Tempting as the turquoise green pool looked, a swim would’ve been painful.
Steam rising from the water was barely visible, but as I came closer, I didn’t fail to notice the significant increase in accumulated heat – and a moment later I was oozing buckets of sweat, struggling to avoid my inevitable funky smell.
Plai-Poo Hot Springs are about 100 years old and situated in the district of Kapong close to Phu Ta Jor, which is one of the highest peaks in Phang-Nga province at nearly 1,400 metres.
Unlike Phu Ta Jor that is a new tourist attraction, Plai-Poo Hot Springs are still fairly unknown even among villagers. No English-speaking travel blogger has ever written about it before, and those very few farangs who’ve made it here have never shown up without the company of a local, Plai-Poo’s egg vendor said.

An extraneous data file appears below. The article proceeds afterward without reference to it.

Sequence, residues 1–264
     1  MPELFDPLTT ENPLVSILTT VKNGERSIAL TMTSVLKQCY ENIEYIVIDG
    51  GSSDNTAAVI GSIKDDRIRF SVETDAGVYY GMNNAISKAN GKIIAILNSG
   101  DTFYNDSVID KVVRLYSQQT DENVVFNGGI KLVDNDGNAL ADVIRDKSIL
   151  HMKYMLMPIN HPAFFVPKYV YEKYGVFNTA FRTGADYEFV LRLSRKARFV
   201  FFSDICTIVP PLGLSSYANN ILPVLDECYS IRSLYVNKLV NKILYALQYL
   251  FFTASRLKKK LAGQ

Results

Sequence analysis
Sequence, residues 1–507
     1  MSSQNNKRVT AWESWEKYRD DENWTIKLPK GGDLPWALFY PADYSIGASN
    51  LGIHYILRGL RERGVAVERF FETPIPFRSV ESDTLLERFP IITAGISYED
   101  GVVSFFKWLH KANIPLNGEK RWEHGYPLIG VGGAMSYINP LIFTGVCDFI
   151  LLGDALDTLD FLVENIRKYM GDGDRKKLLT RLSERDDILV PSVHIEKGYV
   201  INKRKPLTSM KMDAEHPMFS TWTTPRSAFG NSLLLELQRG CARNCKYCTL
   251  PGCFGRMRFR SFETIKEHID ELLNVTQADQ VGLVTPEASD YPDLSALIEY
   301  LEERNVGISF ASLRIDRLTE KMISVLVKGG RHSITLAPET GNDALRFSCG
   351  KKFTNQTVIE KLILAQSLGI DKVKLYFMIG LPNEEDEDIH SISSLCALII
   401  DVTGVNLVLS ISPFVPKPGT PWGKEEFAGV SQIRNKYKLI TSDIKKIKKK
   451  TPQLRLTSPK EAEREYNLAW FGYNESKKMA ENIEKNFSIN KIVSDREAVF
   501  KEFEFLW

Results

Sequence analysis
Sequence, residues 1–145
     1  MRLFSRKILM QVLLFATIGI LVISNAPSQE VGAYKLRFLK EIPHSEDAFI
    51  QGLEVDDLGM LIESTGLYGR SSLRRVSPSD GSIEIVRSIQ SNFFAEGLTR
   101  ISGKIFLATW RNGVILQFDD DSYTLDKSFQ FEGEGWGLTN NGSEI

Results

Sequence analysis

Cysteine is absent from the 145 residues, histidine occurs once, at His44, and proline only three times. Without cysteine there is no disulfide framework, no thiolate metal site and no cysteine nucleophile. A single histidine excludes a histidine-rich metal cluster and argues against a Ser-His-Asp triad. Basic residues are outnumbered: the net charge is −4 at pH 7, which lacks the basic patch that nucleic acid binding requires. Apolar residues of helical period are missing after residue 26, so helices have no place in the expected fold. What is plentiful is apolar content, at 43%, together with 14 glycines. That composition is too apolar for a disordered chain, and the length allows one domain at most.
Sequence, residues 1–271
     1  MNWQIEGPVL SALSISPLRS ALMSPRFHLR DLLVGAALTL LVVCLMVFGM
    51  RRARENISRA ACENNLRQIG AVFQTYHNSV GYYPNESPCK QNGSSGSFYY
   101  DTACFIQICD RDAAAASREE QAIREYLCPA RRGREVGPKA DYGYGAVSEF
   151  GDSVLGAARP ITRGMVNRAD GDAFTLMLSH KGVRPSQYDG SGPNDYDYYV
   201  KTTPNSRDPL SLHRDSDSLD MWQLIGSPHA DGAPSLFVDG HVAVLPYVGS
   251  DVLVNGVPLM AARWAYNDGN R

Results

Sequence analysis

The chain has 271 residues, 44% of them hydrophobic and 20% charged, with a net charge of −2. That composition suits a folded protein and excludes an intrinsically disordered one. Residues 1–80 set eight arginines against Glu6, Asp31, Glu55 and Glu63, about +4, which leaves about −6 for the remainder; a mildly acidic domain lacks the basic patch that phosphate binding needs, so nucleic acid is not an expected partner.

Far from crap, as the name suggests, Plai-Poo Hot Springs are suitable for geothermal energy production, the Phang-Nga Provincial Administrative Organization revealed.
The hot springs with an area of about 12 rai (1,600m2) aren’t easy to find, and you can almost bet you won’t meet a Thai that speaks decent English, let alone a foreign national who knows the locality.
Well, if you let me show you Plai-Poo, you’ll discover a retreat that really is something to write home about.
I heard an ‘okay’.
Aight! Let’s jump in.
As chance would have it, I met Kwan at a 7eleven shop in Pak Phu, a fiftyish Thai woman who spoke excellent English.
She’d also seen the wide eyes of the two cashiers who did neither understand ‘petrol station’ nor ‘gasoline’, and chimed in, ‘There is a petrol station very close by. I can take you there if you want.’